• A person split (shared) 50% between two teams in January.  Team A completes 17 CapEx out of 20 stories in January or 85%.  Team B completes 10 CapEx out of 15 stories in January or 67%.  There are 20 work days in January for a total of 160 hours.  This equates to 68 CapEx hours for this person for Team A (160 hrs x 50% x 85%) and 53.6 CapEx hours for this person for Team B (160 hrs x 50% x 67%).  If this split person took PTO, it would be taken out of the monthly available hours first.

The actual hours method may be applied by Kanban teams where it is determined to be the more accurate approach for their process.  Actual hours will be recorded by each team member for CapEx stories in Target Process.  The Agile Project Leaders will collect and report the actual CapEx hours for all team members each month.

For project leadership roles like Agile Project Leaders, a projected allocation will be applied each month to their available work hours.

 


My Mom, The ScrumMaster

Picture1A very special Mother’s Day edition of iamagile.

Have I told you the story of the woman that reinvented herself as a ScrumMaster in just 3 short months?  Well, that’s the story of my mom, Dottye Stewart.

As the story goes, this isn’t the first time my mom has reinvented herself.  She started out as a widowed mom to two daughters, pursuing higher education to be a positive role model for my sister and me.

After earning her MBA in Finance back in the 80’s, she did the consulting circuit for a while then quickly gained success in the life insurance industry as a marketing and business development executive.   After finding herself in a dead end job with a dead end, and morally corrupt, company last year (I won’t name names but I’m certain you could figure it out), she came to me and said, “I’m going become a Scrum Master”.  Admittedly, I laughed a little on the inside thinking there is no way someone can reinvent themselves into a Scrum Master at this point in their career.  Boy was I wrong!  If you ask my mom, she will tell you she’s been an agile leader throughout her entire work-life.  Not because she’s been subjected to my agile ways, but rather because of something called “facilitative leadership” that she learned while at GE Capital.

In October 2016, my mom began attending Tampa Bay Agile meetups regularly and, being the extreme extrovert in the family, she quickly became the social director for the ScrumMasters Guild, personally connecting with each and everyone.  Before 2016 was over, my mom had earned the Professional Scrum Master (PSP) and the ICAgile Certified Professional (ICP) and was being personally mentored by some of the best Agile Coaches in Tampa Bay from the AgileThought team.  By January 2017, my mom was gainfully employed at Bankers Financial as an Agile Coach and ScrumMaster.  That takes us to today.   While Bankers has been great training ground, she is openly pursuing new opportunities as ScrumMaster to continue along on her agile journey.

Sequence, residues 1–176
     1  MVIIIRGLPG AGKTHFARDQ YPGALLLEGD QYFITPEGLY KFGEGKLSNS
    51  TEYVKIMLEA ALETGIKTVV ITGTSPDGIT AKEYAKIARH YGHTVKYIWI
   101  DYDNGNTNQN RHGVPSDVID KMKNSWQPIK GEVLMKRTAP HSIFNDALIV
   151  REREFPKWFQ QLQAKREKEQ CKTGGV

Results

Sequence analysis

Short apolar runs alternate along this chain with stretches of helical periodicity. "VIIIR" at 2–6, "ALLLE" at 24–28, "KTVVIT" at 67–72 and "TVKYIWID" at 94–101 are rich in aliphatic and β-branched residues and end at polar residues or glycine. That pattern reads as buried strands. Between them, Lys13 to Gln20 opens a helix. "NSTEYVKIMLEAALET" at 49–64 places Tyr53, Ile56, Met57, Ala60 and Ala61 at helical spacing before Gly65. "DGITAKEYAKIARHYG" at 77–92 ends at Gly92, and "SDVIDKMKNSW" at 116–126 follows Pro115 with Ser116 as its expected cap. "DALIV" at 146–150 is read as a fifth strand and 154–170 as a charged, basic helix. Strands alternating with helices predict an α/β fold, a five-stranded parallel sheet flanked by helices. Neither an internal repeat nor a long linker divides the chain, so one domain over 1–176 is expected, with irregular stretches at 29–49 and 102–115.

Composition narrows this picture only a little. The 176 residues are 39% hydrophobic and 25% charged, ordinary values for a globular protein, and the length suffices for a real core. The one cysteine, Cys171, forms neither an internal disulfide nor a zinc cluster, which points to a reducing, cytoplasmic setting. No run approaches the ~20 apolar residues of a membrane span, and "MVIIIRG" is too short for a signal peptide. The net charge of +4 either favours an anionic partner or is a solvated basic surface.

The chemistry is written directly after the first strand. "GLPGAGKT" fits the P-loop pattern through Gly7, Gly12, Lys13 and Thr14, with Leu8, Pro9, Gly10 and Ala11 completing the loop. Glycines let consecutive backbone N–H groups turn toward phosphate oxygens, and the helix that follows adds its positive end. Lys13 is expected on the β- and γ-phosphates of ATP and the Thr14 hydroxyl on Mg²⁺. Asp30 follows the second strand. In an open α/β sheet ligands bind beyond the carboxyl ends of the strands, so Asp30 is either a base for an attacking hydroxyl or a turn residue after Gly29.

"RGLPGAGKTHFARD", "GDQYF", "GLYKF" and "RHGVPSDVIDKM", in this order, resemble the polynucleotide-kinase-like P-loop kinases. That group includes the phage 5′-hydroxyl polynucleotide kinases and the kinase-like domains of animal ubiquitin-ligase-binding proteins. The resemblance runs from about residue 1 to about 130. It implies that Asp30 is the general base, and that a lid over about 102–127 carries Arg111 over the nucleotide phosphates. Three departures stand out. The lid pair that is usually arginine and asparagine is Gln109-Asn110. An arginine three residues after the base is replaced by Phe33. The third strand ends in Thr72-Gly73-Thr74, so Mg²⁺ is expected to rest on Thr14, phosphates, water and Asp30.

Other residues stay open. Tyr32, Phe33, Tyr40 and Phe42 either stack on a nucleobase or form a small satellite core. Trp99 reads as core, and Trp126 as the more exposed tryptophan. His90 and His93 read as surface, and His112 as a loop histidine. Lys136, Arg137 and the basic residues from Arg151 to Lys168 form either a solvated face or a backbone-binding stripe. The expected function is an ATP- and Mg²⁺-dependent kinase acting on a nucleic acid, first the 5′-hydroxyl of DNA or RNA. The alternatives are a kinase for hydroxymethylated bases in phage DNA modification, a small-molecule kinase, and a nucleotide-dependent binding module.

I guess the apple doesn’t fall far from the tree or, in this case, maybe the tree follows the apple.  I hope you are pleased to meet My Mom, The ScrumMaster.

Happy Mother’s Day Mom. You make me so proud to be your daughter!


How Do You Like Motherhood?

It’s been a while since I last posted … December, I think.  Some of you may recall, I was pregnant.  I gave birth to a healthy, handsome baby boy, Jetsen Edison Davis, on February 2nd and I’ve been so consumed with motherhood that I just haven’t had any interest or time for much else, including blogging.  Well, I’m back to work and I’ll be back to blogging soon enough.  I’ve got a few ideas percolating now.  Meanwhile, let me leave you with the answer to the question I’m asked most nowadays:  How do you like motherhood?

So far, I’m finding motherhood to be the most fulfilling thing I’ve ever experienced in my entire life.  To me, motherhood has been more fulfilling than any degree I’ve earned, award I’ve won, or relationship I’ve had … and yes, even more fulfilling than agile.  Until recently, I didn’t truly understand the love I would feel for this little being.  It’s truly magical!


About An Agile Pregnancy

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A few months ago my husband and I announced that we were expecting in February 2017.  Being the geeks we are, we announced “It’s a boy!” soon after with a line of binary code (that truly drove our families and not-so-geeky friends nuts trying to figure that one out).

It wasn’t long before I became overwhelmed by the sheer number of activities needed to prepare for Baby Davis’ arrival, involving nursery and supplies, classes and books, doctors and tests, and everything in between.  I’m convinced the gestation period for a baby is 9 months because the preparations take equally as long.

Being the proud agilist I am, I quickly turned to agile.  Yes, that’s right, agile can be applied to pregnancy too!  Here for your amusement and enlightenment is the first draft of my Baby Davis Trello board complete with a backlog organized by trimester.  Enjoy!